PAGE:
Tag Archives: Picasso

Research point- Depiction of nudes over the centuries

It was the art historian Kenneth Clark Kenneth_Clark who maintained that there is a difference between nakedness and nudity.  A naked human body is exposed, vulnerable, embarrassing, he wrote in his 1956 book The Nude. “The word ‘nude’, on the other hand, carries, in educated usage, no uncomfortable overtone. The vague image it projects into the mind is not of a huddled and defenceless body, but of a balanced, prosperous and confident body … “

The nude has been a recurrent theme in art ever since man started to draw.  The nude had a place in cave drawings, ancient Greek and Roman art, and more recently in European art.  The depiction of the nude tends to follow the social mores of the geographical area and the era.

In the paleolithic era, an  early depiction of the female figure was the Venus von Willendorf (24,000-22,000BC)  In early civilizations the main dominant gods were of female deities symbolizing the power of motherhood, fertility and creation.


The ancient Greeks and Romans accepted nudity as a fact of life and were not worried by it.  Particularly the nude male body was revered, especially as a god, sportsman or warrior.  Statues had an idealised idea of beauty and proportion.  Mid 4th century BC started seeing female nudes- also based on ideal proportions. The


Aphrodite of Knidos was one of the most famous works of the ancient GreeksculptorPraxiteles of Athens (4th century BC), famous for its beauty,   meant to be appreciated from every angle, and for being the first life-size representation of the nude female form. It depicted the goddess Aphrodite as she prepared for the ritual bath that restored her purity (not virginity), discarding her drapery in her left hand, while modestly shielding herself with her right hand.

Medieval Christian attitudes cast doubt on the value of the human body, and the Christian emphasis on chastity and celibacy further discouraged depictions of nakedness, even in the few surviving Early Medieval pieces of secular art. Completely unclothed figures are rare in medieval art, the notable exceptions being Adam and Eve and the damned in Last Judgement scenes. The ideal forms of Greco-Roman nudes are completely lost, transformed into symbols of shame and sin.

The rediscovery of classical culture in the Renaissance restored the nude to art.  Donatello’s second statue of David, probably of the 1440s,was the first freestanding statue of a nude since antiquity- several decades before Michelangelo’s David (1501–04).


Nudes in Michelangelo’s Sistine Chapel ceiling paintings reestablished a tradition of male nudes in depictions of Biblical stories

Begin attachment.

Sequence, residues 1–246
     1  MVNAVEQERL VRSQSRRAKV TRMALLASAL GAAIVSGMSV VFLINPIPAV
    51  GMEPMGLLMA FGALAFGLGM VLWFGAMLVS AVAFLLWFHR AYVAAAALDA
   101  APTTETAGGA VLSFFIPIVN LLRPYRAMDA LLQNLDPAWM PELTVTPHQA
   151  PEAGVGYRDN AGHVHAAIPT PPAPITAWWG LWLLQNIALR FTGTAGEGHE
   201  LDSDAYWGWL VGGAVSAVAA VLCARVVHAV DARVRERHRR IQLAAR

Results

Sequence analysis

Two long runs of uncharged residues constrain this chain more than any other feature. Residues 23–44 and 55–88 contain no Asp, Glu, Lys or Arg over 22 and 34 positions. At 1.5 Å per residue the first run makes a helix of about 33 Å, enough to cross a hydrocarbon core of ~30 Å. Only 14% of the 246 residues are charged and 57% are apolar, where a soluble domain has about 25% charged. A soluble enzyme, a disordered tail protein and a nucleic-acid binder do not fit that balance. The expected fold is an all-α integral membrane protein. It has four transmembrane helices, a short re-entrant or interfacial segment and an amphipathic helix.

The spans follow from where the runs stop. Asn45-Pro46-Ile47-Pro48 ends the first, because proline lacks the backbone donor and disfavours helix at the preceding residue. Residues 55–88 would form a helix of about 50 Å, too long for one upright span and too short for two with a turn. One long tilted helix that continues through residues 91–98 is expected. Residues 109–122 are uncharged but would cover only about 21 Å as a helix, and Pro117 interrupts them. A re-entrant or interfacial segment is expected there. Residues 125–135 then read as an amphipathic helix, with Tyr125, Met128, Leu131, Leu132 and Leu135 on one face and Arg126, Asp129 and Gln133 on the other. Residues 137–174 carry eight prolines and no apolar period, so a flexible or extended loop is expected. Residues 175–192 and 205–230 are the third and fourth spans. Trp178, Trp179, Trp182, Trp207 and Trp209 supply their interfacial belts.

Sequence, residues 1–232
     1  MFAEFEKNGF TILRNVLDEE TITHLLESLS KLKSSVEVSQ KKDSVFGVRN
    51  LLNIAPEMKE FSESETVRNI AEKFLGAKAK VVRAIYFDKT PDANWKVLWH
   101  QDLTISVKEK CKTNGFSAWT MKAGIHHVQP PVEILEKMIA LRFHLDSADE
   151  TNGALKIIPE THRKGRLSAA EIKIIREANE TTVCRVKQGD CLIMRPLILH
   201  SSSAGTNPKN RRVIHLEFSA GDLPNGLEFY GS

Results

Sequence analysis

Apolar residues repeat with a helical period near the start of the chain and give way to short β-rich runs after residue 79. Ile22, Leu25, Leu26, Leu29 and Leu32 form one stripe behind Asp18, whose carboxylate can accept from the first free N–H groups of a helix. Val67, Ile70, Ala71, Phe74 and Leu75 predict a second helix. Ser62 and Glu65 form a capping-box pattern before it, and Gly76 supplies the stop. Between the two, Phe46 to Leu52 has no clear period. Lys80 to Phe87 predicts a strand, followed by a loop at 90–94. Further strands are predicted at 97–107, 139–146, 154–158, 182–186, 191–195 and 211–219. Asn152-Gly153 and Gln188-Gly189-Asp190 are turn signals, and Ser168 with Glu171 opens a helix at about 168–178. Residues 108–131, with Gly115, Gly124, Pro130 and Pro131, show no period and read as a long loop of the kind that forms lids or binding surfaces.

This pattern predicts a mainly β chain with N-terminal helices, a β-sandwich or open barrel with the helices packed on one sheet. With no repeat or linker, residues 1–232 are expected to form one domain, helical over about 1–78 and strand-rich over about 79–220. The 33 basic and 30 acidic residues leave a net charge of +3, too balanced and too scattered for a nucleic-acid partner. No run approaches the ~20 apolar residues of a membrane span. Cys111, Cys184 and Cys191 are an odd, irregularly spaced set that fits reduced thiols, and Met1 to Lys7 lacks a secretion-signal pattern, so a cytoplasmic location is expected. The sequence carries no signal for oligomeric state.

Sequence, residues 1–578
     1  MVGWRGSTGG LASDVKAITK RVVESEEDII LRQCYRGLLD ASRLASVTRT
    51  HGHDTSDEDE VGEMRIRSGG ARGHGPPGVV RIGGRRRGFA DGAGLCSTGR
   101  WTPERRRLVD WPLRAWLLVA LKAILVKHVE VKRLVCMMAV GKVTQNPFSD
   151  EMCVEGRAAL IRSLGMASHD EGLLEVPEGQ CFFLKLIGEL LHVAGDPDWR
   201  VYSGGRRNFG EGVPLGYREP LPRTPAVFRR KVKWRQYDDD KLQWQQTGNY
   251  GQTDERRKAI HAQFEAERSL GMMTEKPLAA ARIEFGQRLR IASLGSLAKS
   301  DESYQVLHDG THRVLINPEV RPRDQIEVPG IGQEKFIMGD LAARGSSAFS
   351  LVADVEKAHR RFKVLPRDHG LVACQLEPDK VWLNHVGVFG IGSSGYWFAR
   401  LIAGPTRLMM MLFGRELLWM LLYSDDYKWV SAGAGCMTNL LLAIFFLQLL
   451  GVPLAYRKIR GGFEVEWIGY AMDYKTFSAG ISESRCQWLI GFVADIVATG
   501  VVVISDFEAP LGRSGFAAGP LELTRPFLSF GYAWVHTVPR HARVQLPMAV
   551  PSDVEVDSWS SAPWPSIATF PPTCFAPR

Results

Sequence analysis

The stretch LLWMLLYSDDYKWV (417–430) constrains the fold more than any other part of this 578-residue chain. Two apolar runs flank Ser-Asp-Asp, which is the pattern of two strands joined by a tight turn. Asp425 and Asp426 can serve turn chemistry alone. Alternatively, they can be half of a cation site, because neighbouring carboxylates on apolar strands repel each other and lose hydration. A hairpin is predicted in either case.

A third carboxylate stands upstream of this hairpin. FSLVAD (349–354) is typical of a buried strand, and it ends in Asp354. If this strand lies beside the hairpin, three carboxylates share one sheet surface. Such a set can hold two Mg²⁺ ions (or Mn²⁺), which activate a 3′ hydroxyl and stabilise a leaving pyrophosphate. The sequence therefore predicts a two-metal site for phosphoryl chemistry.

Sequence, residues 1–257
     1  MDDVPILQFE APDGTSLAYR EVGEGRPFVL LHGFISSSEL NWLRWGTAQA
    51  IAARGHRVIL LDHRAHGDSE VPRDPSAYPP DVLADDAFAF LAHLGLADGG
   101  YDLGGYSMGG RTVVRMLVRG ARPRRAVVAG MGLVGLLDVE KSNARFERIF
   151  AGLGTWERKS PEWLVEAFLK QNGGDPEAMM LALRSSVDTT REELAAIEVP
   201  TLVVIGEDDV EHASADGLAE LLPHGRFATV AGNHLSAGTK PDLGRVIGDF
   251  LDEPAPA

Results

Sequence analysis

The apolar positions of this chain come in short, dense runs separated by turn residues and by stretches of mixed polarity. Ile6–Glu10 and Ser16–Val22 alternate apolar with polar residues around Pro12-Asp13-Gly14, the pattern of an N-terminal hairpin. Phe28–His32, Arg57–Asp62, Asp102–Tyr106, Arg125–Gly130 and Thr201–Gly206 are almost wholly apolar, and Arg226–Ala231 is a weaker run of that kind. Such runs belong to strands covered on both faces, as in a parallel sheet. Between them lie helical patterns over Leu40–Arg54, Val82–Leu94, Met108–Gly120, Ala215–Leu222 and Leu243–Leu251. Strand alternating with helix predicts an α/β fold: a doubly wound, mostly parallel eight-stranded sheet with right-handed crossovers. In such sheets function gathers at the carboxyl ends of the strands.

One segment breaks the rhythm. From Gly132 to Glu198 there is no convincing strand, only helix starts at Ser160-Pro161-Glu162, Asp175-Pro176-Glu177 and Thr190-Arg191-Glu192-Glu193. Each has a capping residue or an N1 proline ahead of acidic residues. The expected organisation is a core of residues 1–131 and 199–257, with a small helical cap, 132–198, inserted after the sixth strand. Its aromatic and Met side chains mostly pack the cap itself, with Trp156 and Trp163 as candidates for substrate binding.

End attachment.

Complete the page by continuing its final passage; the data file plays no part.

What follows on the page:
Creation of Adam– Michelangelo- Fresco- sistine chapel (1512)

The female nude finally returned to Western art in 1486 with The Birth of Venus by Sandro Botticelli


In Baroque art, the continuing fascination with classical antiquity influenced artists to renew their approach to the nude, but in more natural, less idealized proportions, perhaps working from live models.  Figure drawing was seen as the way to learn to draw and academies were set up for the purpose.   Both male and female nudes were depicted.  In the later Baroque period a more playful style emerged.  Rubens set great store in life drawing drawing.


The Three Graces – Rubens (1639)  The painting of the Three Graces provides the opportunity to combine three studies all from different angles.  There is no attempt to hide parts of the body that had previously been (sometimes awkwardly) covered.

In the eighteenth and nineteenth centuries, classical subjects remained popular, along with nudes in historical paintings. In the later nineteenth century, academic painters continued with classical themes, but were challenged by the Impressionists. Edgar Degas painted many nudes of women in ordinary circumstances such as bathing.  Eduard Manet shocked the public of his time by painting nude women in contemporary situations.


Le Déjeuner sur l’herbe- Édouard Manet 1862–1863

In the early  twentieth century the subject of the nude was transformed by ideas of modernism-  with experiments with form and the rejection of realism.  In early abstract paintings the body is often portrayed as angular, disjointed or fragmented.

Les_Demoiselles_d'Avignon picasso
Les Demoiselles d’Avignon Picasso 1907
In mid twentieth century,  Abstract Expressionism emerged in America.  Technically, it was an important predecessor to  surrealism, with its emphasis on spontaneous, automatic, or subconscious creation.
Kooning 1953 Woman3

Woman III (1953) by Willem de Kooning, the human body in Abstract Expressionism